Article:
The recent coronavirus pandemic is far from over in Britain and across the world. Despite what can only be described as a ‘global tragedy,’ support has mostly been available for those who need it. For example, many workers across the UK received a furlough, providing near enough full income for several months. Others, however, unfortunately, lost their jobs.
Nonetheless, further support includes the no eviction policy, food banks, small business loans and grants, and more. However, in particular, the no eviction policy has gained a significant amount of attention. Many residents perceive landlords as wealthy, perhaps greedy, and without the need for rent from their tenants during this difficult time.
This article will discuss the untold truth of landlord’s hardships during the coronavirus pandemic. Contrary to popular belief, many landlords are like you or me, struggling to meet ends meet and relying on payments to keep their kids fed, a roof over their heads, and their bills paid.
The no eviction policy
Towards the beginning of lockdown, a no eviction policy was introduced for tenants who rent a property. Regardless of whether rent was paid, landlords cannot evict their tenants for at least three months.
In retrospect, this sounds great. The introduction of the policy keeps people off the streets with a roof over their heads. We agree, this is a fantastic thing. However, what about the landlords? As previously discussed, many landlords are not wealthy. In fact, they may be in a greater difficult situation: struggling to pay multiple mortgages, bills, and providing a hot meal every night for their children, perhaps on little to no income.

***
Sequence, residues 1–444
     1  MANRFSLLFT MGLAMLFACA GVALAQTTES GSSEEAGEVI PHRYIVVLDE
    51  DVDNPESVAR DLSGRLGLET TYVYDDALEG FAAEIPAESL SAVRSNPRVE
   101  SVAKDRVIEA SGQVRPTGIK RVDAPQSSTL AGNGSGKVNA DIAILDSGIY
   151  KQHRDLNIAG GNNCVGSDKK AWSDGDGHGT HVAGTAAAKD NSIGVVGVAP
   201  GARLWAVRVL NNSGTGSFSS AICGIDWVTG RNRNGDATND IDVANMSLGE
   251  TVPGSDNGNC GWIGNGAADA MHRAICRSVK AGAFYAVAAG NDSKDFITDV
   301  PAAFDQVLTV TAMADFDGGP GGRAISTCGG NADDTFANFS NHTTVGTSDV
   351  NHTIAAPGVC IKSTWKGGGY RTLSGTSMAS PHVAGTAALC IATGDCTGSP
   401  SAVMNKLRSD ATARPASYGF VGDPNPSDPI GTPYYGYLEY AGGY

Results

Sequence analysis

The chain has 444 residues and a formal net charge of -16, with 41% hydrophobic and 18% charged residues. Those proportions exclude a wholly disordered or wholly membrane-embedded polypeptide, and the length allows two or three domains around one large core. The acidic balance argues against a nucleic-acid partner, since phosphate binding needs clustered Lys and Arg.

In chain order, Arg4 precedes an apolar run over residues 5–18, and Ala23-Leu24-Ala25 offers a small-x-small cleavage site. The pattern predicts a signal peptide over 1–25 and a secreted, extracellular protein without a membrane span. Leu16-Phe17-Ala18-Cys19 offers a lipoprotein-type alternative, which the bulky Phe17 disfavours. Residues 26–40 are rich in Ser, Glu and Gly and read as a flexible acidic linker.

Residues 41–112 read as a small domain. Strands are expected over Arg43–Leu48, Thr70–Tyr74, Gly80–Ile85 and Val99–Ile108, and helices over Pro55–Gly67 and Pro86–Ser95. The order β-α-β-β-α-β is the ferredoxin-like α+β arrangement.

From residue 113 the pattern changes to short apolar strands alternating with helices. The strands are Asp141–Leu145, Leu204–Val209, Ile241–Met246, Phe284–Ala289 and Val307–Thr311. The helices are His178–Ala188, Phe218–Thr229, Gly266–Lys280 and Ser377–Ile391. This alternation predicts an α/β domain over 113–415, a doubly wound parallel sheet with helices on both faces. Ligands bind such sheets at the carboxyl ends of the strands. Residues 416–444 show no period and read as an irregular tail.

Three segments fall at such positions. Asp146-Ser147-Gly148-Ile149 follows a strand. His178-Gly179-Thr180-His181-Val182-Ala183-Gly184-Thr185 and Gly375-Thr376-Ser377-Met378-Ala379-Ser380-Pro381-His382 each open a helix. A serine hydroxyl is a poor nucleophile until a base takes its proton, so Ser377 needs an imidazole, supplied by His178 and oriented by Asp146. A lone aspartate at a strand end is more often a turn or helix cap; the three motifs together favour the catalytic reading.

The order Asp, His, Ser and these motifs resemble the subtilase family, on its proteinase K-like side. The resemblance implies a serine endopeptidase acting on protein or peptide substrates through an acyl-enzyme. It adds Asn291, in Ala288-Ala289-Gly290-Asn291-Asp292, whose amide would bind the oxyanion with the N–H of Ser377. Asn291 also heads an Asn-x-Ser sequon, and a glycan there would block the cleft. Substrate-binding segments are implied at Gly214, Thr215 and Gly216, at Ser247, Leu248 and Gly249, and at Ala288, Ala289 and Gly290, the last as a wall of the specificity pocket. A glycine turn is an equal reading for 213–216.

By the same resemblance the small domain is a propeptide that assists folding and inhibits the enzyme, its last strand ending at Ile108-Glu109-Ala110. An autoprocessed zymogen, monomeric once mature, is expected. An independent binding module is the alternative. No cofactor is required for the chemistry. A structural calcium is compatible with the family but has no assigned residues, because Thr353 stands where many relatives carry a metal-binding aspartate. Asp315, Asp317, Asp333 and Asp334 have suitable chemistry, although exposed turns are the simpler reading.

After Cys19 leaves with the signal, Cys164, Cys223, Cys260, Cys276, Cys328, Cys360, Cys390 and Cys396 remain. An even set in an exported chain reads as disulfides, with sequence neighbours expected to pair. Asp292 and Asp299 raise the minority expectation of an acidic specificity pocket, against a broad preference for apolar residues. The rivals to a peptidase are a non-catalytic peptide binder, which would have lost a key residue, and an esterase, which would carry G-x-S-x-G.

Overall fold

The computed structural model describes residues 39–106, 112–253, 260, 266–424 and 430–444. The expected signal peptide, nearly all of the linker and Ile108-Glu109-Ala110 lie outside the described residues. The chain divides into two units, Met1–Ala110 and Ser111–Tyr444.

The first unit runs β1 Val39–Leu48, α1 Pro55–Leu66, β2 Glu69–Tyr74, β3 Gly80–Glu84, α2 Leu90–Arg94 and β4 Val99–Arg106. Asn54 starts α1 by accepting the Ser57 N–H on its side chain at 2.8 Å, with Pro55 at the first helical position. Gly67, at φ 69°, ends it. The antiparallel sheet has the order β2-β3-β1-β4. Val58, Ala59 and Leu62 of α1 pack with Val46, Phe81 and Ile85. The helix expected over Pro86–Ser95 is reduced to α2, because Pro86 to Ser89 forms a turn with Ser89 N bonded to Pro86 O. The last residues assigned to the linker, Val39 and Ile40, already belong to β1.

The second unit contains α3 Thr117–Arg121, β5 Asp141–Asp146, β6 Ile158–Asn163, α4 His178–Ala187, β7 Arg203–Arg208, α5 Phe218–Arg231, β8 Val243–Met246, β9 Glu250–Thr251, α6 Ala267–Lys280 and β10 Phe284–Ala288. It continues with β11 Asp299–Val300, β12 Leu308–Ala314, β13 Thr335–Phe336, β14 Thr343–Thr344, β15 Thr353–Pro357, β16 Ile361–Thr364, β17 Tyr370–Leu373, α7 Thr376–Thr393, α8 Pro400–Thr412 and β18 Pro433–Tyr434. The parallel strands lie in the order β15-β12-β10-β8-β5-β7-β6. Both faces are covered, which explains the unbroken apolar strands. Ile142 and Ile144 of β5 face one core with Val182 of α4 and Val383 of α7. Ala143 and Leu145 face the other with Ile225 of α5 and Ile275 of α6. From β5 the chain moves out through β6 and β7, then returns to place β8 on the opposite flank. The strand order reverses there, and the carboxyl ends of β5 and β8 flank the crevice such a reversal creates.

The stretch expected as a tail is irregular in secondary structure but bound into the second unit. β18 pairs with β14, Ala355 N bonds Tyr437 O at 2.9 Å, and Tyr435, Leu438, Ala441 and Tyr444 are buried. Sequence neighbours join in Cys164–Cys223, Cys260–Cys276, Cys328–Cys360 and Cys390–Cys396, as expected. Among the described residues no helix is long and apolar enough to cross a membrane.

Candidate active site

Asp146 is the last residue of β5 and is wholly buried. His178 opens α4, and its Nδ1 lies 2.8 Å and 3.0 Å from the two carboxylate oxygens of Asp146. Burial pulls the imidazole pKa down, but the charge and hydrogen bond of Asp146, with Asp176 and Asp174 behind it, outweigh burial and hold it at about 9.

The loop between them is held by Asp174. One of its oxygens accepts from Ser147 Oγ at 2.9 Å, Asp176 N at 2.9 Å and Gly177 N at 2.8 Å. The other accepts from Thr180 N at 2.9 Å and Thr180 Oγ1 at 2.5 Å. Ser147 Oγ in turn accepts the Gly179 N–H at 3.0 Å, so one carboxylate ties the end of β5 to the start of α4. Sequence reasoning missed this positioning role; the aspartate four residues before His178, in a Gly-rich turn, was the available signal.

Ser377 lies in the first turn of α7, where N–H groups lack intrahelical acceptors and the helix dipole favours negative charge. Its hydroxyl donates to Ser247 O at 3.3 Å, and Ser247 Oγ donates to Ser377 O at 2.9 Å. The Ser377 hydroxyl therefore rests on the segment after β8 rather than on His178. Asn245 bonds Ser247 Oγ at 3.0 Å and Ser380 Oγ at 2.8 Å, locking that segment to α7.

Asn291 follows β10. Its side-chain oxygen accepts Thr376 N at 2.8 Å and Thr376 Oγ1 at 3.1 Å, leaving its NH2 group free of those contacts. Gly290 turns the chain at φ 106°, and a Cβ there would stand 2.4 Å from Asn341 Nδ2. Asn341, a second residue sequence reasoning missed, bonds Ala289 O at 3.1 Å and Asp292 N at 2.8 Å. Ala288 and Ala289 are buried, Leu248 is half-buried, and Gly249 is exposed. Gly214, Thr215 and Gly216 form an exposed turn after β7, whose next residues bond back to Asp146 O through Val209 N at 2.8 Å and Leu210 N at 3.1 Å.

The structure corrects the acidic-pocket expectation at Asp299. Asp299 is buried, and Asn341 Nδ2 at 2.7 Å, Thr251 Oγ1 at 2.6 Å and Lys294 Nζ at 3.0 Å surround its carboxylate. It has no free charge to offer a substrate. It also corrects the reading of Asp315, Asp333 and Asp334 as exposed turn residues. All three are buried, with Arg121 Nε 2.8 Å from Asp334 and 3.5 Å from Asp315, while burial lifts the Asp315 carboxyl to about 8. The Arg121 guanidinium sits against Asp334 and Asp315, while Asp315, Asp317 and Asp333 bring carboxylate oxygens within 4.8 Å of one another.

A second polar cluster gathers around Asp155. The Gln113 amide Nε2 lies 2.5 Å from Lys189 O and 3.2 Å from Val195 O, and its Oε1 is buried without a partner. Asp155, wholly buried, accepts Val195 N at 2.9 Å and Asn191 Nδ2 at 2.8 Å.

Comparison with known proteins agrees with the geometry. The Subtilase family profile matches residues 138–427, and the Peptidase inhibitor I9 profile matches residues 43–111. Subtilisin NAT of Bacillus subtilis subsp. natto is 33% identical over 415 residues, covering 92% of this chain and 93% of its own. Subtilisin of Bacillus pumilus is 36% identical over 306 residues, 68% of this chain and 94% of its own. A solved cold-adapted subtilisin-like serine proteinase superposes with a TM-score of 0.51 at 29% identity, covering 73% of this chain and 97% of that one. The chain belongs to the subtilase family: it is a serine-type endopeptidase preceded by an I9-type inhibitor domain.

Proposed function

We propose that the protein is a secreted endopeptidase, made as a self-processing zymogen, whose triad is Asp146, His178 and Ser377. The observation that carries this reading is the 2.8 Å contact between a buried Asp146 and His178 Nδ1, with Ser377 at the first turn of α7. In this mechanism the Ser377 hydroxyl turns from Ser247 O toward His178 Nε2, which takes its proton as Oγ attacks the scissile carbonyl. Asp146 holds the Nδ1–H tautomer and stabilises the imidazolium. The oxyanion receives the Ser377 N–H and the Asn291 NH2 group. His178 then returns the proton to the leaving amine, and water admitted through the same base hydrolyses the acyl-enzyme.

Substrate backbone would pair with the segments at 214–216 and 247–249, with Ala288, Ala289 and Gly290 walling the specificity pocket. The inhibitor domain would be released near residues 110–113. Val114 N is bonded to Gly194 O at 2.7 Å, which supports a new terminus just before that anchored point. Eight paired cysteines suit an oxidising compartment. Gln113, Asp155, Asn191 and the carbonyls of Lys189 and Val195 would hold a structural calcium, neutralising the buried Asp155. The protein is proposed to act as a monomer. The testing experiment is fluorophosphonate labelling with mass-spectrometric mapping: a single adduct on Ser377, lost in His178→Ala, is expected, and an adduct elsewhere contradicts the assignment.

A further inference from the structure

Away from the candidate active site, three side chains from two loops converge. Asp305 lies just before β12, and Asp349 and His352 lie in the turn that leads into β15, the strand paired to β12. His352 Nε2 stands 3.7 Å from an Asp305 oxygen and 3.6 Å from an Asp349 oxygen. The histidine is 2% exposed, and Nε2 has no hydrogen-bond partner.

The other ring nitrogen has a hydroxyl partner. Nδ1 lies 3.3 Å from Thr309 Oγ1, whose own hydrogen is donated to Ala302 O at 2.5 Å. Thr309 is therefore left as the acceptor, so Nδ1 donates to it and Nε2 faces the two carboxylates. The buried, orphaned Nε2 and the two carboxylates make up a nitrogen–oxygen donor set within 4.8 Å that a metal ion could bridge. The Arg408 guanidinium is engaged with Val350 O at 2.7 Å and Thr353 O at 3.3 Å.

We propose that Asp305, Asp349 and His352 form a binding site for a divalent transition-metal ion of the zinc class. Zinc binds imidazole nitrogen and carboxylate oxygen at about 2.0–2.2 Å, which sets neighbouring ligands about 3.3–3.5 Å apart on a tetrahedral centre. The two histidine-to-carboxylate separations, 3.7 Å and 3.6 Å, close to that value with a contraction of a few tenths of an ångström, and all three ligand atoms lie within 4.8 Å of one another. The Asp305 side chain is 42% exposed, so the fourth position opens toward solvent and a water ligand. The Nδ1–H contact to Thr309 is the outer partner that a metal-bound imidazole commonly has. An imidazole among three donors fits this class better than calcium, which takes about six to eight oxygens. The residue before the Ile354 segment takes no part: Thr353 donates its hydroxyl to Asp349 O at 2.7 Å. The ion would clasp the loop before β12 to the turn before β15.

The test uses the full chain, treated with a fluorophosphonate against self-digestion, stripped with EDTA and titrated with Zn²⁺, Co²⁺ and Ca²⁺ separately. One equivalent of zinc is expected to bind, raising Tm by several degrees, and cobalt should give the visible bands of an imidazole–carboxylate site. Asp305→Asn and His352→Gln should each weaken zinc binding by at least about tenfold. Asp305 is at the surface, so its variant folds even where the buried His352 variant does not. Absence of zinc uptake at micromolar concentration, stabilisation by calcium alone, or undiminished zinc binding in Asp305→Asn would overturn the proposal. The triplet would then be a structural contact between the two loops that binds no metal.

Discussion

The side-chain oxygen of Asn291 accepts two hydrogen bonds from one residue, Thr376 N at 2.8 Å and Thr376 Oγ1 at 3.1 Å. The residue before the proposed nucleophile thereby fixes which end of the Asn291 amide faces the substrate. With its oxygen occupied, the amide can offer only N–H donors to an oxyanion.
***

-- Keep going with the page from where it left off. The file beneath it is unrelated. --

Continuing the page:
Mortgage holidays are available for those with a buy to let mortgage, but once those run out, or if the landlord is not eligible, they may find themselves in quite the cash struggle.
However, just this week (September 10th, 2020), it was announced
that the no eviction policy has been extended to six months. This is and will create real hardships for landlords - if no payment is received, they could be in real trouble, relying solely on their savings or other income sources to make payments.
Counting coins and making payments
Landlords not eligible for a mortgage payment holiday, or those negatively impacted economically by the pandemic themselves may find themselves in quite a pickle. With little to no income, perhaps also losing their main job, and now not receiving any rental income, they may actually be worse off than others.
Whilst tenants do not have to pay rent if financially unfeasible - landlords are forced to count coins and make the payments without the original funding from their tenants’ rental income.
Most landlords are not wealthy or rich - they, too, are facing devastating economical consequences as a result of the recent coronavirus pandemic. If rental income is not paid to the landlord, they may struggle to meet mortgage payments, place them at risk of debt or worst-case scenario, lose a property, and file for bankruptcy.
With the three month increase of the no eviction policy (now six months total), landlords are in for a rough ride during the build-up to Christmas. If tenants cannot pay rent, they should immediately discuss this with their landlord, calculating some form of payment plan.
Remember, we’re all in this together. While landlords may have one or more properties - this does not mean they are ‘wealthy,’ it could actually mean they are worse off given the current circumstances.